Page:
A Day to Remember


February 25, 2007 – A Day to Remember


by Sharon HersonSnow is beginning to fall. It’s exactly 4:15 in the afternoon on February 25. You might say our prayers were answered: the snow did not begin to fall until everyone was safely home from a memorable event at the Center.

The Prelude
The day began for me with sweet odors of baked goods wafting up from the kitchen as Daniel and I lumbered into the hallway, carrying the first of many bags of food prepared for the luncheon that was to follow Charlotte’s reading. A good omen, I thought. There must have been ten adults and an equal numbers of kids between the simcha room and the kitchen, all engaged in shaping or stuffing or putting name tags on or baking hamantashen. Each child made at least one, some with, some without adult assistance. It became clear to us that everyone in the entire school was having a turn at this extremely well organized, fun activity.

I had been worried about how we would be able to do set up for the luncheon with all the baking that was to occur just beforehand. My worries turned out to be without foundation. Although we overlapped, we were able to work around each other. The PTO people not only cleaned up in plenty of time but some were able to stay and help with the setup for lunch, joining a few other members who came to assist (with setup and cleanup). So . . . thanks to everyone who made the luncheon happen on time, to everyone who enabled all of us to get home before the storm by assisting with cleanup, and to everyone who made food and desserts that we all enjoyed immensely: Esther Bakonyi, Debbie Fesinstine, Lynn Kestecher, Debbie Knobelman, Susan McNamara, Helen Mattson, Jennifer Rosenblum, Teri Stanton, and Joanne Weiss (apologies if I inadvertently left out anyone).

The Main Event
When I walked upstairs at 11:30 a.m., the sanctuary was nearly filled (I would guess close to one hundred people–thankfully, not all stayed for lunch, because I had planned for a max of “only” 70, which turned out to be about right). The Sunday School children were there, with their teachers, some of the parents, and a number of congregants and guests who had come just for the special event. Charlotte and her niece Tammy Mitchell were already seated on the bima, both looking very happy if a bit nervous. We started a few minutes later; my brief introduction of Tammy and Charlotte ended with a request that the group recite a shehecheyanu together in honor of the occasion.

Tammy spoke first. She explained that she had interviewed Charlotte, taping her for fourteen hours of conversation (most folks talk for eight or ten, she said, but she thought Charlotte could have continued, and she’s right: Charlotte is a marvelous storyteller). The tapes were then professionally transcribed, then organized and edited by Tammy, who consciously–and successfully–retains Charlotte’s “voice” in the finished version.

Tammy did not attempt to “sell” though she probably had a willing audience. Her “pitch”–and it rang true to my ear–was that every person has a story to tell, young and old alike. And that there are many different ways to obtain these stories. It’s most pressing–even urgent, she said–to get the stories from our elders because we don’t know how long they will be with us. But everyone can write about themselves–and I think should, so they don’t forget.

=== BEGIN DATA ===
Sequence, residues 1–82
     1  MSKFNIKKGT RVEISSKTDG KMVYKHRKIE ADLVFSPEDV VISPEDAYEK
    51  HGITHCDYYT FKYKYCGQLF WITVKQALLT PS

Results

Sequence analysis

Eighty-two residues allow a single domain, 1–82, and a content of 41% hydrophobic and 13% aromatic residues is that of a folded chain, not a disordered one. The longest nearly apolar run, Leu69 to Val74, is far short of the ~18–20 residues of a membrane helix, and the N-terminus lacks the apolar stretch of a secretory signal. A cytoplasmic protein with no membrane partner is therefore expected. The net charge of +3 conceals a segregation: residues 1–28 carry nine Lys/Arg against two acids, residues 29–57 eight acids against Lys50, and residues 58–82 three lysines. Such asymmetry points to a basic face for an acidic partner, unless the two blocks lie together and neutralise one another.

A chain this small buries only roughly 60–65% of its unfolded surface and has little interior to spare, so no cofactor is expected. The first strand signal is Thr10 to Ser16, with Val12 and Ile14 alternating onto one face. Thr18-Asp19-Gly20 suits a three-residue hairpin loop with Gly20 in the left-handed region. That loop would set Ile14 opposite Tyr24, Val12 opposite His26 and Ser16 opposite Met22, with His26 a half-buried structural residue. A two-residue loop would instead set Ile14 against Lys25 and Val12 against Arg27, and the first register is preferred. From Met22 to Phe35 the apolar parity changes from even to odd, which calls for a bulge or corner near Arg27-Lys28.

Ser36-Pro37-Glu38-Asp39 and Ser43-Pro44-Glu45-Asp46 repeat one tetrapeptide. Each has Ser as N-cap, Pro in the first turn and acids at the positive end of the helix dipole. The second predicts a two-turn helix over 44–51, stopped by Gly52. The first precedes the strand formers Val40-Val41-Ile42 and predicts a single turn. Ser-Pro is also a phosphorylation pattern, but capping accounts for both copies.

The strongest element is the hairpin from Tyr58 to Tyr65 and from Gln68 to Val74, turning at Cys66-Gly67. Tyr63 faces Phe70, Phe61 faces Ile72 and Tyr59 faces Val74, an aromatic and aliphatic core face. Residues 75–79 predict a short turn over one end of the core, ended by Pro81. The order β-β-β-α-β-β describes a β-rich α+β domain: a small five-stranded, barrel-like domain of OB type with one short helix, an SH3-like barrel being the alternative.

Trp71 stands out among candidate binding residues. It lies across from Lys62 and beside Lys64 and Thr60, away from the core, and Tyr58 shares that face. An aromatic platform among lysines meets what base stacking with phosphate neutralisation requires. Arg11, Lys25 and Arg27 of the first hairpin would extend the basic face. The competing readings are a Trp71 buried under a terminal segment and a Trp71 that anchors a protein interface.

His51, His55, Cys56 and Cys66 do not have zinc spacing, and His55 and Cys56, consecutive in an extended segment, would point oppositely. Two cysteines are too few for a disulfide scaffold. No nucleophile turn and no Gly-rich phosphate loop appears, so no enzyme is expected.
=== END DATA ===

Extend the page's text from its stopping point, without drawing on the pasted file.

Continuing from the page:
Charlotte read for about twenty minutes from her memoir, This is My Story. She focused on her early childhood and ended with how she felt about coming to the Jewish Center. Charlotte remembers her childhood as a happy one; though her family was very poor, she was unaware of all the things she didn’t have (she reminded us that there was no TV so there was really no way to know how other people lived).

Astonishingly, her family’s apartment in a Lower East Side tenement in NYC, a fifth-floor walk-up (that means, no elevator) did not have any heating system, even in winter. The only available heat came from a coal-burning stove in the kitchen, where the family ate, dressed, and bathed in cold weather (the bathtub was in the kitchen). Charlotte said that the stove never worked properly because her parents never learned how to stoke the fire correctly.

The kids in the audience (Sunday School children aged 6 through 12 and a few older ones) were spellbound, and so were the adults.

After the formal program, most people adjourned to the simcha room for lunch. If you missed it, here’s what we had (all homemade except for the bagels and cream cheese, and olives): poached salmon with dill sauce (made by me), pasta salad (made by Esther), green salad, cucumber salad (by Esther), various spreads (by Esther and me), fruit (strawberries, grapes, and pineapple), and sweet desserts (meringues [by Lynn Kestecher], white and dark chocolate truffles [by Teri Stanton], and I-don’t-know-what-you-call-them-but-they-were-delicious [by Helen Mattson].

Charlotte brought a guest book, which was passed around during lunch for everyone to sign. Even the children wrote in it.

Lynne Kowski and Helen Mattson have lunch prepared.
Click to enlarge.

Charlotte had wanted to give the books away to people who would come to today’s reading, but the Board prevailed upon her to “give” them in exchange for a donation to the Jewish Center. So if you took home a book, don’t forget to send in your check to Paul May.



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